You can write Gerrard, Suarez, and Reina's names on the team sheet now. Both Johnson and Enrique have had good and bad moments in the last few matches, but both are basically certainties as well, with Liverpool needing their abilities in attack and lacking for options. With Sturridge and Coutinho cup-tied and Borini injured again, Downing – who has started more matches than anyone else over the last two months – will also be needed. Which leaves Carragher as the only question. And it's not really a question with Skrtel struggling with a knee problem. It might be a question if Skrtel were fit, as I continue to worry about Carragher's recuperation after so many matches in quick succession and as the Slovakian did well in the previous leg, but – as with far too many other positions – it seems Liverpool don't really have a choice.

Otherwise, Henderson seems more likely than Shelvey, Suso, or Allen to play in the advanced midfield role, and Lucas will almost certainly feature as the deepest midfielder. The only alternative seems playing Henderson on the left again, more defensively solid than Sterling – as we saw in Zenit's second goal last week – with either of the other three listed attacking midfielder options playing centrally. But I reckon that's a much less likely alternative.

This guessed XI isn't very different from the sides which won 3-0 against Sunderland and QPR during the festive season. We know there are goals in it, or at least the potential for goals. But it also isn't very different from the side which struggled a week ago in Russia, with Lucas coming in for Allen and Agger for Skrtel. And unfortunately, as we're all well aware, Zenit is slightly stronger than those other two sides.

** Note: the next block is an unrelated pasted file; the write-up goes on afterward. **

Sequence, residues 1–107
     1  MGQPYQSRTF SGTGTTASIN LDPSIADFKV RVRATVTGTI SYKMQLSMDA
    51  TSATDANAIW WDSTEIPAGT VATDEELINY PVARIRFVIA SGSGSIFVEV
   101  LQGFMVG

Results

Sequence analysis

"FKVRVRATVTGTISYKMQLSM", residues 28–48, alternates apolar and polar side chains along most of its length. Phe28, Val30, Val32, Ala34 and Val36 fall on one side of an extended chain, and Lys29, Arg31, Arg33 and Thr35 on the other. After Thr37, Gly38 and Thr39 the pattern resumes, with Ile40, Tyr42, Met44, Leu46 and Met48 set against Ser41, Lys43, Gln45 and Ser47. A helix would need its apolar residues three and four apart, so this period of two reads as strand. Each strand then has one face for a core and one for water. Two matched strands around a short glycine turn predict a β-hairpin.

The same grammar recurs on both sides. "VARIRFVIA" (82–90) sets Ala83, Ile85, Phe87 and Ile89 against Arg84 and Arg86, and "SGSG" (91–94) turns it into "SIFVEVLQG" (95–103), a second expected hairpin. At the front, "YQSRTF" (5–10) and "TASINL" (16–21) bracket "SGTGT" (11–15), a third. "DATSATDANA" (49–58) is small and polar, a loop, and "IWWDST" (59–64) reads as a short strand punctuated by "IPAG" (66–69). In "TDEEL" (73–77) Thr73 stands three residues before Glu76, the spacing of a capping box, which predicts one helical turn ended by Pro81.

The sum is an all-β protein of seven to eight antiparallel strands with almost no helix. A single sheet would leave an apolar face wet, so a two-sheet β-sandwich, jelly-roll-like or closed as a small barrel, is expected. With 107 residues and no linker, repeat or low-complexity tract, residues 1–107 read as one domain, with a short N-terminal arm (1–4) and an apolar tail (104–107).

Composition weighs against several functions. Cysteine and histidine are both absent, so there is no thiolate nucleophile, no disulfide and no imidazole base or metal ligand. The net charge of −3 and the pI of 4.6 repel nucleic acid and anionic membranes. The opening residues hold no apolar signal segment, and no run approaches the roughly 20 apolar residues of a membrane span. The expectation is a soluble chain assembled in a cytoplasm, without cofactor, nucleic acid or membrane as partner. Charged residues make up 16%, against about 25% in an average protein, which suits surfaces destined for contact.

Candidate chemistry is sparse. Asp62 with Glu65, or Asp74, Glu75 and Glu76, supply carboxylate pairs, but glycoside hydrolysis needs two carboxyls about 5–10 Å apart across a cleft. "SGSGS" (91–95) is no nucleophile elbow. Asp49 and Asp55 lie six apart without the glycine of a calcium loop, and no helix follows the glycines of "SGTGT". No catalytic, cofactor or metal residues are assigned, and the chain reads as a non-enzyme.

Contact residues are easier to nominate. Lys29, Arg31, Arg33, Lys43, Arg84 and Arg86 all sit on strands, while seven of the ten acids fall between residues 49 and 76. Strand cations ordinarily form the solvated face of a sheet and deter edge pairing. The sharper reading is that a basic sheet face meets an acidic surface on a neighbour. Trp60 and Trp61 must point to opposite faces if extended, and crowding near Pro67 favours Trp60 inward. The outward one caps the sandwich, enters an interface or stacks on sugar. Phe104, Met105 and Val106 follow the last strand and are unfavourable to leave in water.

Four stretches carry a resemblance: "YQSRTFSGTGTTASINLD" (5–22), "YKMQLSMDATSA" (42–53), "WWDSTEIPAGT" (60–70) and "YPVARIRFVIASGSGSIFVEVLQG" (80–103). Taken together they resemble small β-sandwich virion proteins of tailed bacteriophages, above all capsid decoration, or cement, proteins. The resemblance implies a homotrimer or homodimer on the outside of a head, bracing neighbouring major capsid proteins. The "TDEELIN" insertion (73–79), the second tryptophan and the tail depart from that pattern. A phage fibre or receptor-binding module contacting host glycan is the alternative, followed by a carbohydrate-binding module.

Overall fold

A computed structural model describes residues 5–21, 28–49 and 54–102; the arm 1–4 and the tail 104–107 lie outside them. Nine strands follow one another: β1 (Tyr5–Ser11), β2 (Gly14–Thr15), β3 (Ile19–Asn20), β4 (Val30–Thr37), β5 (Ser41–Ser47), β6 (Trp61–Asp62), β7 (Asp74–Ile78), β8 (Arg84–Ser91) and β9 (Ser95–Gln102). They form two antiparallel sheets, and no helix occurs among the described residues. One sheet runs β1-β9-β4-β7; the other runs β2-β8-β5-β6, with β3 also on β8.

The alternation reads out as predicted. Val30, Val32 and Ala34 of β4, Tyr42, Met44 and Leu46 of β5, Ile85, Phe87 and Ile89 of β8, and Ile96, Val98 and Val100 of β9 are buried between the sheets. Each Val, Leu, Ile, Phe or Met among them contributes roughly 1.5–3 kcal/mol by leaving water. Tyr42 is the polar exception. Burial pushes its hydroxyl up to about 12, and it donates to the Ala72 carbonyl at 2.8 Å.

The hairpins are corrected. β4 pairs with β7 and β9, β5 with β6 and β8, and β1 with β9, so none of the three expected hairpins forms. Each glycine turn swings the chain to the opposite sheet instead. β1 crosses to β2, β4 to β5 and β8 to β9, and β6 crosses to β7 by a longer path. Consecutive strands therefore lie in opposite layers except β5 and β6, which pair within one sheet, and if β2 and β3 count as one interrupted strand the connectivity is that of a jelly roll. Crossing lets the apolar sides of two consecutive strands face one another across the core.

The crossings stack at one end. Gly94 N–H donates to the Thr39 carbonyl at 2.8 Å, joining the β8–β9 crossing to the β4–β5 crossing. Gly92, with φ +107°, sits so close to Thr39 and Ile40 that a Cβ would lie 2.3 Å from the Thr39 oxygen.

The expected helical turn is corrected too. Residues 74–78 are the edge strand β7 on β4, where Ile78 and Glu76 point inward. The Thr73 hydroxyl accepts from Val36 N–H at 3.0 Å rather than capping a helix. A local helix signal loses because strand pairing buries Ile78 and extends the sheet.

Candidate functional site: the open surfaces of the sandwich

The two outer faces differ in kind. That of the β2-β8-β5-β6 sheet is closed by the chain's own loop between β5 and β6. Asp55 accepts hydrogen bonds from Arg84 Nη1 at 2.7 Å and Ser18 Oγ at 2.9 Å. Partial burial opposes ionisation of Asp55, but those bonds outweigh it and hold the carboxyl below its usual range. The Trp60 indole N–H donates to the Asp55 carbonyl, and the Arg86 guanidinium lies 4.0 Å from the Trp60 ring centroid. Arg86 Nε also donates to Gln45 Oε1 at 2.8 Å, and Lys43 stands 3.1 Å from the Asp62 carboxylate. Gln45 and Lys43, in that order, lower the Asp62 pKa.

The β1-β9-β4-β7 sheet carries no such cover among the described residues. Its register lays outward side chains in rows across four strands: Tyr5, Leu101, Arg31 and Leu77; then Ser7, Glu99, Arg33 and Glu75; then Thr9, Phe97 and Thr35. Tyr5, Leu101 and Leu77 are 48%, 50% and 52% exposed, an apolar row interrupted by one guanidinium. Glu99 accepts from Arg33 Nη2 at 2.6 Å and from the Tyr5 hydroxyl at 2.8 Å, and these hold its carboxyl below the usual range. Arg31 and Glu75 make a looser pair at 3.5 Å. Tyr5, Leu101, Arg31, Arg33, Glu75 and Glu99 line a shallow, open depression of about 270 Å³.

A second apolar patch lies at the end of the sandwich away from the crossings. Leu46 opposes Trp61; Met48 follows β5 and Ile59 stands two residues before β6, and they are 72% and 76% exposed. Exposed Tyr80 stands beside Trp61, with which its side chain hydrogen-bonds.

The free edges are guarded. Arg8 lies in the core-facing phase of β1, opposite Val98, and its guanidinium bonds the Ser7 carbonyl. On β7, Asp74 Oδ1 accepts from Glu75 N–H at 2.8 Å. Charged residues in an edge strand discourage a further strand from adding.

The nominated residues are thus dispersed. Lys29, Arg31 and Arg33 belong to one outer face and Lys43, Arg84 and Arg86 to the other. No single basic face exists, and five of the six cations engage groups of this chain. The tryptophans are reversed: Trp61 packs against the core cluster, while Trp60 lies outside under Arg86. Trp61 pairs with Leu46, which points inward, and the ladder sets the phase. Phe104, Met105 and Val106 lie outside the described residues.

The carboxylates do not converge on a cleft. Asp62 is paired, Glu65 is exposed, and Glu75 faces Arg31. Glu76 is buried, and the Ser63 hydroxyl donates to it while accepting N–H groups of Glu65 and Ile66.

As in the previous leg and as against West Brom, there are two overriding concerns. The first, the more important, is Liverpool's attacking capabilities without Sturridge in the squad. If Liverpool – read: Suarez – take their chances, Liverpool could well shock Zenit. If they're wasteful, forced to press harder and harder in search of the needed goals, Zenit has the potential to decimate them on the break. Zenit's ability on the counter-attack, Spalletti's preferred method of attack, and Liverpool's frequent susceptibility to counter-attacks is the other concern.

I'd be surprised if Spalletti's XI deviated much from the one we saw last week. They've no new reported injuries, having played no matches in the meantime thanks to the Russian league's winter break, and having nullified Liverpool fairly effectively in St Petersburg. Danny hobbled off with a knock early in the second half, but trained during the week. Domenico Criscito is also back in the squad, recovered from a month-long calf injury, but Zenit might be better served by keeping the more-defensive Hubočan at left-back. Bruno Alves returns from a one-match suspension incurred for three yellows in the Champions League group stage, and could replace either Neto or Lombaerts (more likely the latter) at center-back. Midfielder Zyryanov will again miss out through injury.

Getting back into this tie will be a difficult task. Keeping Zenit from scoring once, if not more, will be just as difficult. Liverpool will need one of those often-referenced historic Anfield nights to stay in this competition, its only remaining chance at a trophy this season. And while no one's pretending that the Europa League's comparable to those Champions League matches we saw from 2004-2009, were Liverpool to come back to win this tie, it'd undoubtedly join the list of those cherished historic nights.